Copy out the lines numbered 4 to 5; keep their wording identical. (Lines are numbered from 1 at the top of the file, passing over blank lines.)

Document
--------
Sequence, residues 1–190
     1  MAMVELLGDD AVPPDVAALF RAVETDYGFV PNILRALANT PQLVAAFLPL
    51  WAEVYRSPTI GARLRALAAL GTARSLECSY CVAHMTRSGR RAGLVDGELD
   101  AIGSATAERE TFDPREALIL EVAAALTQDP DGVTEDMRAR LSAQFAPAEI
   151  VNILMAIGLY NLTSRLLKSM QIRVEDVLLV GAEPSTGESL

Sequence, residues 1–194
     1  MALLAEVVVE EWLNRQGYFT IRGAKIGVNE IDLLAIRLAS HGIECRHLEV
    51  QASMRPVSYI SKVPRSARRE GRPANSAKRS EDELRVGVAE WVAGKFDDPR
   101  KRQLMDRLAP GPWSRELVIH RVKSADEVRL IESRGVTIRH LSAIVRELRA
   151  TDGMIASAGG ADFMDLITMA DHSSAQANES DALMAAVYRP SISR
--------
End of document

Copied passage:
   101  AIGSATAERE TFDPREALIL EVAAALTQDP DGVTEDMRAR LSAQFAPAEI
   151  VNILMAIGLY NLTSRLLKSM QIRVEDVLLV GAEPSTGESL